saying, they have brought about the ark of the God of Israel to us; from one city to another, and at length to us:

to slay us and our people; not that this was their intention, but so it was eventually.

Verse 11. So they sent and gathered together all the lords of the Philistines,.... As the men of Ashdod had done before on the same account, 1 Samuel 5:8

and said, send away the ark of the God of Israel; as these lords were united in their government, and made one common cause of it against Israel, one could not dispose of this capture without the consent of the rest; otherwise the lord of Ekron, with his princes, were clearly in it that it was right and best to send it away out of any of their principalities:

and let it go again to its own place; to the land of Israel and Shiloh there, though to that it never returned more:

that it slay us not, and our people; that is, all of them, for great numbers had been slain already, as follows:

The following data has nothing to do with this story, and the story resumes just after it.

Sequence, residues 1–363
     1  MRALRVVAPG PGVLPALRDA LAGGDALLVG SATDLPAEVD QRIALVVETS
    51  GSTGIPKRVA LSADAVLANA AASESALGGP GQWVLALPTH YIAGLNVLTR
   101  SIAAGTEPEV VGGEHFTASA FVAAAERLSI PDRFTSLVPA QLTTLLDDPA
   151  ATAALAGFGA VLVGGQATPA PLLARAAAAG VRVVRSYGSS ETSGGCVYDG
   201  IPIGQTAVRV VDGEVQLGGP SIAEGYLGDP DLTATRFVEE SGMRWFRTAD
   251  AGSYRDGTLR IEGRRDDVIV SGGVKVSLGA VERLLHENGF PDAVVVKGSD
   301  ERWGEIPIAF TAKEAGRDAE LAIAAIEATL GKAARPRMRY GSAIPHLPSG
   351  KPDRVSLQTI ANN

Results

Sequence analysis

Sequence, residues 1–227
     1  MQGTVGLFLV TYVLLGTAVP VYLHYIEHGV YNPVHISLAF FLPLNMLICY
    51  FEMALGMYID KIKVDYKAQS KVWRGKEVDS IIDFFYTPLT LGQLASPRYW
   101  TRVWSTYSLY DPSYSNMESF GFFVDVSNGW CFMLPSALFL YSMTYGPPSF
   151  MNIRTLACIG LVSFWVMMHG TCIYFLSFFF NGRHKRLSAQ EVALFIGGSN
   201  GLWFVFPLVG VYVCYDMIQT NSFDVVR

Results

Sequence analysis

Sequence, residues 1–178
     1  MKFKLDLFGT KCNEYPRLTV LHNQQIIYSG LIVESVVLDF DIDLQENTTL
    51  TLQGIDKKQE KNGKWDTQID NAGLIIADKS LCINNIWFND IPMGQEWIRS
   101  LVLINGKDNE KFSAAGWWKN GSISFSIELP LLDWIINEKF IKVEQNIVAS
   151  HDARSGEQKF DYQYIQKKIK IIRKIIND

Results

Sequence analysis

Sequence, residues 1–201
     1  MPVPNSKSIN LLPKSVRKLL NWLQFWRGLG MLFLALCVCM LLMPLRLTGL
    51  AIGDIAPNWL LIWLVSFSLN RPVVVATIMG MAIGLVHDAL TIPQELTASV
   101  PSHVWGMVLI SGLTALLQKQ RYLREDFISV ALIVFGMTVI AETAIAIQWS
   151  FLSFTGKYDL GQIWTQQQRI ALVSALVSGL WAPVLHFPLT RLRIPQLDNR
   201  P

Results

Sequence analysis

for there was a deadly destruction throughout all the city; a mortal disease went through the whole city, and swept away a multitude of people:

the hand of God was very heavy there; it seems by the expression to haste been heavier on the inhabitants of this city than upon those of Ashdod and Gath, which made them the more pressing to get rid of the ark.

Verse 12. And the men that died not were smitten with the emerods,.... As the inhabitants of Ashdod and Gath had been; this shows that those that died did not die of that disease, but of some other; very likely the pestilence:

and the cry of the city went up to heaven; not that it was heard and regarded there, but the phrase is used to denote the greatness of it, how exceeding loud and clamorous it was; partly on the account of the death of so many of the inhabitants, their relations and friends; and partly because of the intolerable pain they endured through the emerods. There is something of this history preserved in a story wrongly told by Herodotus {b}, who relates that the Scythians returning from Egypt passed through Ashkelon, a city of Syria (one of the five principalities of the Philistines), and that some of them robbed the temple of Venus there; for which the goddess sent on them and their posterity the disease of emerods, and that the Scythians themselves acknowledged that they were troubled with it on that account.

{b} Clio, sive, l. 1. c. 105.